Wall: No! Not good enough. You have to actually stay a child! Not just pick and choose the best bits. I have to keep you as a literal child!

Me:  I’m so sorry, I know this hurts, but you can’t keep me as a child. It’s too late. I haven’t been a child for years. I grew up long ago.

Wall: YOU PROMISED NOT TO!

Me: I couldn’t help it.

And the wall turned into a little girl screaming and bawling her eyes out. It wasn’t really a wall at all, but a sad scared self. She was about four. I picked her up and she continued to howl.

Me: Hey, what’s the matter?

Her: I DON’T WANT TO DISAPPEAR!

Me: I’ll never let you disappear! You’ll always be part of me and I’ll always love you!

Her: Waah!

Me: Just like I have a big sister who’s a future me – you’re my little sister. You’re just as important.

Her: Waaah!!

Me: I need you to work with me to help me tidy my room. I promise you’ll be safe.

Her: I’m scared!!

At this point I called in Big Sister, who appeared at her most radiant and Mary Poppins-ish. Little Sister stopped crying and gazed at her adoringly.

Me: See, there’s nothing to be frightened of. You’re not going to disappear. You’re just going to get more big sisters!

Big Sister held out her arms and I passed Little Sister over to her, and we walked along like that.

Me: How about if we find a different way for my room to make you feel safe? How about if, instead of mess, we just make it really childlike and playful?

Little Sister: Maybe…

Me: And restful. Make it look like a place for resting and not working all the time. A place where you don’t have to try hard…

Little Sister: Yeah!

In saying this, I reminded myself of Kyo and Asu from  the anime Poor Sisters Story. These two characters are young sisters struggling to survive without parents, and each wants to be this for the other – ‘the one place where you don’t have to try hard.’

It’s occurred to me before that I’d like my relationship with my inner child to be more like Kyo’s relationship with Asu – one of loving, supportive teamwork - but now I realised there was a third dimension. This radiant spirit guiding the two of us. For Kyo and Asu it’s the spirit of their dead mother, for us it’s Big Sister, our future self. This is my new phone wallpaper:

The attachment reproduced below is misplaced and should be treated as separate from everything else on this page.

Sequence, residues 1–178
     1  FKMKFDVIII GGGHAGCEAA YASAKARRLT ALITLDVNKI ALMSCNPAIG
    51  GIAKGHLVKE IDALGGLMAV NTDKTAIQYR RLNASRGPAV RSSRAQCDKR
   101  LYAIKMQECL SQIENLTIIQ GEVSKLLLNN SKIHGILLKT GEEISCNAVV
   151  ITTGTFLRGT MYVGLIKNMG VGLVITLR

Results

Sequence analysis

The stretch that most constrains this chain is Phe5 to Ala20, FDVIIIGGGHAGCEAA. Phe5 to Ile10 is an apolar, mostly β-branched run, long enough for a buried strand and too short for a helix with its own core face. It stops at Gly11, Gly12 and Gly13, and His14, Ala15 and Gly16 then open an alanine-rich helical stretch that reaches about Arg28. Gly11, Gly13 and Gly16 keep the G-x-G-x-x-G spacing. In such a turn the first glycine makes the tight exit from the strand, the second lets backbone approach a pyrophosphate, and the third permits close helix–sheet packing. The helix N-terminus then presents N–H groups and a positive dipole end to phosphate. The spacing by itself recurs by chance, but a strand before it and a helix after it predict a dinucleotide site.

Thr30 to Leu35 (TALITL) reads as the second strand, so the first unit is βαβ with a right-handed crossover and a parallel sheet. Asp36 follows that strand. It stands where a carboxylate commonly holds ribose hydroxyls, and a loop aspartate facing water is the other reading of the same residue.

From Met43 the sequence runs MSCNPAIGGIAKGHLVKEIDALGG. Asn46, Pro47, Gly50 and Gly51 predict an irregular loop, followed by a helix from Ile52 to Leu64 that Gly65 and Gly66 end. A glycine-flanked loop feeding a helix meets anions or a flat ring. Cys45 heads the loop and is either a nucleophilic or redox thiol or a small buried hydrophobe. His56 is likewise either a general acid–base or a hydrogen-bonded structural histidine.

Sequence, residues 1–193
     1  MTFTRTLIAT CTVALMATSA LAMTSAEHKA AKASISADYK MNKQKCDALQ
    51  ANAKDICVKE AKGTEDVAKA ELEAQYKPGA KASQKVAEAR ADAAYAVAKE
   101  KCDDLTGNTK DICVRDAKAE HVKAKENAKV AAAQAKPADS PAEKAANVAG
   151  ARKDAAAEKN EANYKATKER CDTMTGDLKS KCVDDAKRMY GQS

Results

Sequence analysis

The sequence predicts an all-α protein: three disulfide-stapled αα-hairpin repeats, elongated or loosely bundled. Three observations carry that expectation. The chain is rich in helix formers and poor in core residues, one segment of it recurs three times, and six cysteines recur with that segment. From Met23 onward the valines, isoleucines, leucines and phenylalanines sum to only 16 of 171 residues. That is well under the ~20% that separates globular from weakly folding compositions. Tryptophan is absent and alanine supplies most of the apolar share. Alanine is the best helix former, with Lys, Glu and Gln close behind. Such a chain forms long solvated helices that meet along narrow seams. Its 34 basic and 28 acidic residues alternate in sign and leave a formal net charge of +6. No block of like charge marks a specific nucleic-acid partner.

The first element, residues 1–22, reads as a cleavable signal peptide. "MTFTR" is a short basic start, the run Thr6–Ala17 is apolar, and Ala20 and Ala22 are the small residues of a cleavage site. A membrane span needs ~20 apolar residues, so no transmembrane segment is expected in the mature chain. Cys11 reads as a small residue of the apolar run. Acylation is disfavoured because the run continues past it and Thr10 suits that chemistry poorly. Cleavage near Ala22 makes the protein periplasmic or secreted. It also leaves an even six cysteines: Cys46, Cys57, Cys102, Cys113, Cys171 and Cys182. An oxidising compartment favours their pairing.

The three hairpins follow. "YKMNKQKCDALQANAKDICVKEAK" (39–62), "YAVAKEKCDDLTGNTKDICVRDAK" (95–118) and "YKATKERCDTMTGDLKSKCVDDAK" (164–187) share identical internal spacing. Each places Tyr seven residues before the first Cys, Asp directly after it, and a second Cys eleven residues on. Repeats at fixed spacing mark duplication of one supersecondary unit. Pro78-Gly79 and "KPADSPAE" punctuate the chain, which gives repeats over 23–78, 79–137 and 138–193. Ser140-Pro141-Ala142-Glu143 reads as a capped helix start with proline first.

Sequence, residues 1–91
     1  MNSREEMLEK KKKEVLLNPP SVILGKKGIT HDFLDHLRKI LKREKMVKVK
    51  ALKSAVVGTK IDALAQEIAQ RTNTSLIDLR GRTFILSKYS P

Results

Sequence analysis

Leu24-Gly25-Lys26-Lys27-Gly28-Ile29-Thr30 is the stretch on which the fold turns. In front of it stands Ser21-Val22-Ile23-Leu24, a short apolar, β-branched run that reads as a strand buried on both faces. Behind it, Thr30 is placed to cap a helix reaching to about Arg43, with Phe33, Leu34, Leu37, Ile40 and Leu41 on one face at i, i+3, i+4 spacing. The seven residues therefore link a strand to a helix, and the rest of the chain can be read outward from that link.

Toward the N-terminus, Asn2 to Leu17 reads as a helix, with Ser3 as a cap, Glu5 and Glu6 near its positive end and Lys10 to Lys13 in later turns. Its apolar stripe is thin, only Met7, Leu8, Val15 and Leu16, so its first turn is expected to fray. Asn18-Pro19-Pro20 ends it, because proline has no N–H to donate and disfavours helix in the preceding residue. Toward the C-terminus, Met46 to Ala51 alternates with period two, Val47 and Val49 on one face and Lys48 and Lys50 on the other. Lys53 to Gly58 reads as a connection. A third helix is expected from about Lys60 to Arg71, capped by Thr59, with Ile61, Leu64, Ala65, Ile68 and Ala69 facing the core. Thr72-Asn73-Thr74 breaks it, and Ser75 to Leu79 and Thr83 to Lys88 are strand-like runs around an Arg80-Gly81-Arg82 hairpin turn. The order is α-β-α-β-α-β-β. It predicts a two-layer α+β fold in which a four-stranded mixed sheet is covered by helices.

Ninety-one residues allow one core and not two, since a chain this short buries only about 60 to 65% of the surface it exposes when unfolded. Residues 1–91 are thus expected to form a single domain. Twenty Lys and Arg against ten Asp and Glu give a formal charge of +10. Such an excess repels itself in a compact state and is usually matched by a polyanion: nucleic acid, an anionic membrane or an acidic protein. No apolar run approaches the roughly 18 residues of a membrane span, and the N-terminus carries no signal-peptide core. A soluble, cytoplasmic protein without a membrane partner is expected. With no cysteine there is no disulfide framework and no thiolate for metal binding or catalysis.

Kyo and Asu hugging with the spirit of their mother holding both of them. Caption: 'Because I've left you two... a small promise.'

(At this point we had a long digression about the Japanese words for big sister and little sister and how they’re used. I was surprised that Little Sister seemed to know Japanese as well as I did, and she said, ‘I have access to everything you know. I just see it differently.’)

Me: So I’m tidying my room with a child. A scared, four-year-old child. And I need to make it fun and non-scary for her. Big Sister, do you have any ideas?

Big Sister: *just shines*

Me: Okay, more God. But anything else?

Big Sister: *shine, shine*

Me: Well, yes, I guess I could ask Little Sister. What would make tidying more fun for you?

Little Sister: Ice-cream! We have to have ice-cream when we’ve finished. And when we’re half way through!

Me: Okay! Anything else?

Little Sister. Colours. I need more colours!

Me: Like how?

Little Sister: You’re the big sister, you work something out!

Me: Okay, I’ll work something out.

Little Sister: And I want the dogs to help.

Me: Right. How about each dog gets to be in charge of a category of stuff, and the dog who ends up with the most bags and boxes packed wins?

Little Sister: And the dog who wins gets ice cream!

Me: Okay, but let’s try not to get it in their fur…

Little Sister: And I want you to put your posters up NOW! Not after we move!

Me: That’s fine. I kind of want to as well.

Little Sister: Yay! And please brush your hair less.

Me: Huh?

Little Sister: I don’t like hairbrushing. I like messy hair! I don’t feel like me otherwise!

Me: Hmm… maybe we can find another way instead of being messy? Would it help if I wore pigtails?

Little Sister: …I don’t think I’d like that. You wouldn’t look like my big sister. (Pause) I’m realising that it’s my hair I don’t want brushing. Not yours. You can brush your hair. (Pause) I need to think about what this means.

How about that?!? At this point I arrived at work so we had to stop, but I’m sure she’ll inform me of what it means when she’s ready… I suspect she’s realising she doesn’t need me to behave exactly like her to feel secure in her own existence. Whew!!